American Federation of Teachers (AFT): Overview, Membership Requirements & Activism

American Federation of Teachers (AFT): Overview, Membership Requirements & Activism
Coming up next: Field-Specific Professional Organizations in Education

You're on a roll. Keep up the good work!

Take Quiz Watch Next Lesson
 Replay
Your next lesson will play in 10 seconds
  • 0:01 American Federation of…
  • 1:11 Structure
  • 3:31 Mission
  • 5:39 Lesson Summary
Add to Add to Add to

Want to watch this again later?

Log in or sign up to add this lesson to a Custom Course.

Log in or Sign up

Timeline
Autoplay
Autoplay
Speed

Recommended Lessons and Courses for You

Lesson Transcript
Instructor: Natalie Boyd

Natalie is a teacher and holds an MA in English Education and is in progress on her PhD in psychology.

The American Federation of Teachers (AFT) provides many benefits to its members across the country. In this lesson, we'll explore the AFT, including how to join, the structure of the organization, and its mission and work across the United States.

American Federation of Teachers

In the first half of the 20th century in America, it was not fun to be an educator. Teachers were paid very little, and female teachers faced restrictions on what they could wear and do, even outside of school. For example, some contracts required that female teachers could only go on three dates per week and that they had to teach Sunday School at a local church.

In 1916, a group of teachers met in Chicago to talk about how to fix the problem of low pay and unreasonable demands on teachers across the country. They formed the American Federation of Teachers, often called the AFT, a union dedicated to fighting for teachers' rights. Their idea was simple: one teacher couldn't change much, but many, many teachers could fight together for change.

Since 1916, much has changed. The AFT has gone from a few educators in the room of a man's house to a major organization with millions of members and work across the world. Let's look closer at the AFT, including membership and structure of the organization, and its mission and work.

Structure

Let's say that you get a new job as a teacher in your local school district. How can you join the AFT? And what does it mean that you're a member?

Most teachers will join the AFT automatically when they get a teaching job. That's because the AFT has a specific structure that allows educators to join without having to directly apply. Essentially, when a person joins his or her local teachers' union, they are usually then automatically a member of a state organization and the AFT.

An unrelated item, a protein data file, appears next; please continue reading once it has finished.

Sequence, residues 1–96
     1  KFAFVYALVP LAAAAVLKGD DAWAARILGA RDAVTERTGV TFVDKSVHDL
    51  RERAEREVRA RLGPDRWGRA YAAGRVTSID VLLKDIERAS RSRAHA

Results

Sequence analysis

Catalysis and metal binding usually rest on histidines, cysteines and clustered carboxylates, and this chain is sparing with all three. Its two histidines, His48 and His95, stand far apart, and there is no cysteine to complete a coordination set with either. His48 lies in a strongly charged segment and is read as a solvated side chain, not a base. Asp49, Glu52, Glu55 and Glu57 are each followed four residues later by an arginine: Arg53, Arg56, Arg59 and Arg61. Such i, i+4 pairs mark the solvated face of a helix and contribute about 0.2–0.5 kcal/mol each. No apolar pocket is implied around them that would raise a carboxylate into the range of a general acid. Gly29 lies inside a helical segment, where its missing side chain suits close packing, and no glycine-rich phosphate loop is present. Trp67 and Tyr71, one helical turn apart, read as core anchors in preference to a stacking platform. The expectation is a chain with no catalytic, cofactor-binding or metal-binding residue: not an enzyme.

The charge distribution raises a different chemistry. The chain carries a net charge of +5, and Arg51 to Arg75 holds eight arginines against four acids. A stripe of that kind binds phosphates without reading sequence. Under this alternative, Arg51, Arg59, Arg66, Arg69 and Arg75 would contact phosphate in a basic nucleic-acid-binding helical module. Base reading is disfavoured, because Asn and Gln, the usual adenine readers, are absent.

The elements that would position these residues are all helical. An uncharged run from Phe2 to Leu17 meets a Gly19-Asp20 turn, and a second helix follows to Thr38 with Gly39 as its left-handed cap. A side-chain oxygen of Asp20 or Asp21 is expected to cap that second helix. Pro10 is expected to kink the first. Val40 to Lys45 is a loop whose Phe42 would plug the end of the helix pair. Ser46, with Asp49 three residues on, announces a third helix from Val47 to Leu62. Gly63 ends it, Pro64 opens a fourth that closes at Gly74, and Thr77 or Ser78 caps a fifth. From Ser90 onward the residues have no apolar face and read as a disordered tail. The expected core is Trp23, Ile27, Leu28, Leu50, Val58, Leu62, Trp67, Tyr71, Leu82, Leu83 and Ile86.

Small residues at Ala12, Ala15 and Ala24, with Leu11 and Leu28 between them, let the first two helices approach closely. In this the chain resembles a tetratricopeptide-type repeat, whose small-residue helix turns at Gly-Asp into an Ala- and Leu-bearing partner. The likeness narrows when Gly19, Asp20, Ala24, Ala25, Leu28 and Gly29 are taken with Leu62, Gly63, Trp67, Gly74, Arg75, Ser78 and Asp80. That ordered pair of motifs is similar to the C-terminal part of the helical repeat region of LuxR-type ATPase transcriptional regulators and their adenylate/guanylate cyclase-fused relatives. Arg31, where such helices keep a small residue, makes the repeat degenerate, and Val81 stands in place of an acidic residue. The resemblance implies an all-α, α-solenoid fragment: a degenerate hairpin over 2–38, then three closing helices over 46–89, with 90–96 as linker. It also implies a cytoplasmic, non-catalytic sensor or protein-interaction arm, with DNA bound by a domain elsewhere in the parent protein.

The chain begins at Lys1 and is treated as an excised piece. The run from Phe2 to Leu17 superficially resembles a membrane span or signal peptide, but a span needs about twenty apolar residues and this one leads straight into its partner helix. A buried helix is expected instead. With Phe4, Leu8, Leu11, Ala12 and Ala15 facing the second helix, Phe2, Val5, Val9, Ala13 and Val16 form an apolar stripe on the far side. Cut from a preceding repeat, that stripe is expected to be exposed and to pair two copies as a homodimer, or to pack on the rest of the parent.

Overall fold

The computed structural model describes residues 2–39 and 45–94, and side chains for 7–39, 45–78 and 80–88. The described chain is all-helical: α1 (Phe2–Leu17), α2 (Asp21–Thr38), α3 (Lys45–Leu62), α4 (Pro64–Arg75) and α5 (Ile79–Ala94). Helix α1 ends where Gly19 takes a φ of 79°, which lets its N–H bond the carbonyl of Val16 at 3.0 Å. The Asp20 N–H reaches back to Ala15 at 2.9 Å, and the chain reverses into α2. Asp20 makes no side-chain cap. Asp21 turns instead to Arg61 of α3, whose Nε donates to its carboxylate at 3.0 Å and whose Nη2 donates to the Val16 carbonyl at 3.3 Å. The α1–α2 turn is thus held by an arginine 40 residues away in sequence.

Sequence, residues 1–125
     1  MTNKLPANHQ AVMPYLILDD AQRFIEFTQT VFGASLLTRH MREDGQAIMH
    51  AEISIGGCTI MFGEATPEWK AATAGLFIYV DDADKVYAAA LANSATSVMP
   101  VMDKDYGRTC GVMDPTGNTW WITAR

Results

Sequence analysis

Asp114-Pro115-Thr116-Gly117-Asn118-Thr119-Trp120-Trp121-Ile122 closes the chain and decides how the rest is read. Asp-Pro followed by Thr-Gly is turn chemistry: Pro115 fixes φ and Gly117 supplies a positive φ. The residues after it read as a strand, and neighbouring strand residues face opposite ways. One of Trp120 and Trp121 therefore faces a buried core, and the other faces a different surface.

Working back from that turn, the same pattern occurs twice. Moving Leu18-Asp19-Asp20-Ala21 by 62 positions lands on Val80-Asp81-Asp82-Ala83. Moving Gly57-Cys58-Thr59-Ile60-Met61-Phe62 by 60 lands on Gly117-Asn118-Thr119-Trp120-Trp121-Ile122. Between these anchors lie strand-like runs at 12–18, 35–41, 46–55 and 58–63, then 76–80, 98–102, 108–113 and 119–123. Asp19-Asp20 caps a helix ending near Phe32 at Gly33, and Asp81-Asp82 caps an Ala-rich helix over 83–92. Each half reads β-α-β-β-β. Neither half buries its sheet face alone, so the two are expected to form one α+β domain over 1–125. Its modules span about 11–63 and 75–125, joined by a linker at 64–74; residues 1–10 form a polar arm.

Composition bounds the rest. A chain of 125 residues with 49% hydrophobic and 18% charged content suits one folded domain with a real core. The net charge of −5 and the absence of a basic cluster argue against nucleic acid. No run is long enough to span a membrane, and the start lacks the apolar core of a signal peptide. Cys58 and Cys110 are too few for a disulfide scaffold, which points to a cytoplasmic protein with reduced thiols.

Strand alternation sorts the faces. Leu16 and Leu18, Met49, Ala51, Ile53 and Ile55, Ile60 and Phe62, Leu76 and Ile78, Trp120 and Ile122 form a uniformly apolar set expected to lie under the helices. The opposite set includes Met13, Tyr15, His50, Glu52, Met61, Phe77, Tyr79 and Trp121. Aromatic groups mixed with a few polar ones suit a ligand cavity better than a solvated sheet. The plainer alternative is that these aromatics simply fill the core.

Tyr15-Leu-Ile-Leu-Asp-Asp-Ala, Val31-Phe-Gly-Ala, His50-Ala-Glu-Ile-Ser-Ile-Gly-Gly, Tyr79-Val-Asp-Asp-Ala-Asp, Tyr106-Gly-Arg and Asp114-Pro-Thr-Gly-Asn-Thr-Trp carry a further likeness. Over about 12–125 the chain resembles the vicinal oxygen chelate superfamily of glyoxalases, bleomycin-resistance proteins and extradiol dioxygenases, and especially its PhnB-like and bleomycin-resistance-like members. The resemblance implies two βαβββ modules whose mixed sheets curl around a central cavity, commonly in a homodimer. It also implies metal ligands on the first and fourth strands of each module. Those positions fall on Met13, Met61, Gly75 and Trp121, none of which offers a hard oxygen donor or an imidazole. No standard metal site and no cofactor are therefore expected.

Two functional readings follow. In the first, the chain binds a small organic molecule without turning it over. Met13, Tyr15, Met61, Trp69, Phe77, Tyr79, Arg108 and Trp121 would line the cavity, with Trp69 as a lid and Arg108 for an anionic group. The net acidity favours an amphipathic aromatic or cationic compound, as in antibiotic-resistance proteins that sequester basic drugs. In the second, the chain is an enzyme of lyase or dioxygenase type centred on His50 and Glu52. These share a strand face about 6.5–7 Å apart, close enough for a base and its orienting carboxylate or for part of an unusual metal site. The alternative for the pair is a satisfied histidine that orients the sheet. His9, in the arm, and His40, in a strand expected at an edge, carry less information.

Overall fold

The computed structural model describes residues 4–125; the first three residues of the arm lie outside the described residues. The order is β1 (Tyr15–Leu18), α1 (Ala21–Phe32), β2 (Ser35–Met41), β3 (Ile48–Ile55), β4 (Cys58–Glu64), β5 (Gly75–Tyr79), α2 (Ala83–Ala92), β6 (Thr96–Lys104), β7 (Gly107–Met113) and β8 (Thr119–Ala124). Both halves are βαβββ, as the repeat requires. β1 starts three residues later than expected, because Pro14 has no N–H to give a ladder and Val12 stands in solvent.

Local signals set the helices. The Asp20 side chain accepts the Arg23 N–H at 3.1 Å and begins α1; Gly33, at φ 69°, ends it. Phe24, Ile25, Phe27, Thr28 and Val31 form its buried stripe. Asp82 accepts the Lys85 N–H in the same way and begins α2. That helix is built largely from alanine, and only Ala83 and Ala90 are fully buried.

You can think about the structure kind of like a pyramid, with the largest organization at the bottom and the smallest at the top. It includes the following levels:

At the very top is you, the individual educator. Alone, there's not a lot you can do. You can't change laws or get teachers a pay raise by yourself.

To unlock this lesson you must be a Study.com Member.
Create your account

Register to view this lesson

Are you a student or a teacher?

Unlock Your Education

See for yourself why 30 million people use Study.com

Become a Study.com member and start learning now.
Become a Member  Back
What teachers are saying about Study.com
Try it risk-free for 30 days

Earning College Credit

Did you know… We have over 200 college courses that prepare you to earn credit by exam that is accepted by over 1,500 colleges and universities. You can test out of the first two years of college and save thousands off your degree. Anyone can earn credit-by-exam regardless of age or education level.

To learn more, visit our Earning Credit Page

Transferring credit to the school of your choice

Not sure what college you want to attend yet? Study.com has thousands of articles about every imaginable degree, area of study and career path that can help you find the school that's right for you.

Create an account to start this course today
Try it risk-free for 30 days!
Create an account
Support